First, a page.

MOSCOW, October 1 (RIA Novosti) - As Afghanistan emerges from the decades-long conflict, its newly-elected President Ashraf Ghani is planning to tap into the country's mineral wealth to wean the government in Kabul off foreign aid that accounts about for two-thirds of the nation's revenues.
"The rich mineral resources in Afghanistan can transform the country into an industrial nation," Ashraf Ghani, a former World Bank economist, said following his swearing-in.
"We broadly depend on imports and foreign assistance, and we aim to create a sound economic system for the country to stimulate exports and develop economy," he confessed.
Afghanistan is one of the world's poorest countries, with a per capita gross national income of $470 a year, according to the World Bank. To combat poverty, the nation has to rely on its rich natural resources, estimated at more than $1 trillion. At present, some 60 percent of the country's economy is funded by Western donors.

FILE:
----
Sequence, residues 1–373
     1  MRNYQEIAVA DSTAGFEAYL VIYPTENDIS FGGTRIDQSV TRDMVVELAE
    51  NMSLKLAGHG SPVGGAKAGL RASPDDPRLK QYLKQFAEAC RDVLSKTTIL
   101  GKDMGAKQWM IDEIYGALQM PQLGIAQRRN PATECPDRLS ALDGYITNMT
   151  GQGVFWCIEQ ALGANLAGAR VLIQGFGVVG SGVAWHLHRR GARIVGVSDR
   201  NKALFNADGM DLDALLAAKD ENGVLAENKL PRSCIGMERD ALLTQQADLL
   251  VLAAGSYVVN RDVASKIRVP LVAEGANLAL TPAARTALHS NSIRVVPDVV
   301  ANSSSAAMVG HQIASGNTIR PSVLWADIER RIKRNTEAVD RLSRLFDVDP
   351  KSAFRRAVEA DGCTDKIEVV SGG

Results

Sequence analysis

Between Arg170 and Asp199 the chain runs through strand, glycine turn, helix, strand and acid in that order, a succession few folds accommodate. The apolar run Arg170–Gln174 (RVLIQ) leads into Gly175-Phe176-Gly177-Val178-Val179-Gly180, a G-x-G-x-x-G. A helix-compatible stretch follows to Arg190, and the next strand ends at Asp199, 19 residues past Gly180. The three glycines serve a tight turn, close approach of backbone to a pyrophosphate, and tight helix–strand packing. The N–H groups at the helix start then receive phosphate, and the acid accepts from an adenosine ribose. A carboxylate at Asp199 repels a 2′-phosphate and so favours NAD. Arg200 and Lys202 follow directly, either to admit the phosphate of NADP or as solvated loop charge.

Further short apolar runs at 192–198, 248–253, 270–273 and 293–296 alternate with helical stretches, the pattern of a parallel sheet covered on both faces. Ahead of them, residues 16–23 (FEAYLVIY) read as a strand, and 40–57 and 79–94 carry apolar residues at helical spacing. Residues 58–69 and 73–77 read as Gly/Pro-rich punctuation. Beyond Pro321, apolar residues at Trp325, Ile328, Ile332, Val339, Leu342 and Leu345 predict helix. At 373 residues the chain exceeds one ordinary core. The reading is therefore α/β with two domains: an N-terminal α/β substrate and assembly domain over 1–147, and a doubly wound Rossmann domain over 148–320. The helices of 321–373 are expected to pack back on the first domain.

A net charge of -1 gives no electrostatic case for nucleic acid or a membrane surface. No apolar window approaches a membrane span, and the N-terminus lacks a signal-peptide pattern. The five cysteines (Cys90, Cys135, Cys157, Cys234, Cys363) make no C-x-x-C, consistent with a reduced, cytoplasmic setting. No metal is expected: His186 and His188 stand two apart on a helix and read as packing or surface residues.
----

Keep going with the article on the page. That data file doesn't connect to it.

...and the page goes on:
But Afghanistan's reliance on natural resources in the climate of widespread corruption and weak central government can do more harm than good, according to International Business Times.
The United Nations reported earlier that Taliban insurgency in Helmand province has been heavily relying on illegal marble mining revenues, while in Kunar province chromite mines are funding local rebel groups.
Thus, better governance remains key to President Ghani's efforts to boost the nation's economy and reduce its addiction to foreign funds. This is just one of the major changes that the Ghani administration has to carry out in order to attract international investors to Afghanistan.
The president's announcement came a month after China's mining giant froze a billion-dollar deal with the Afghan government to develop a major copper mine of Mes Aynak, which is an archaeological site in Afghanistan's Logar province.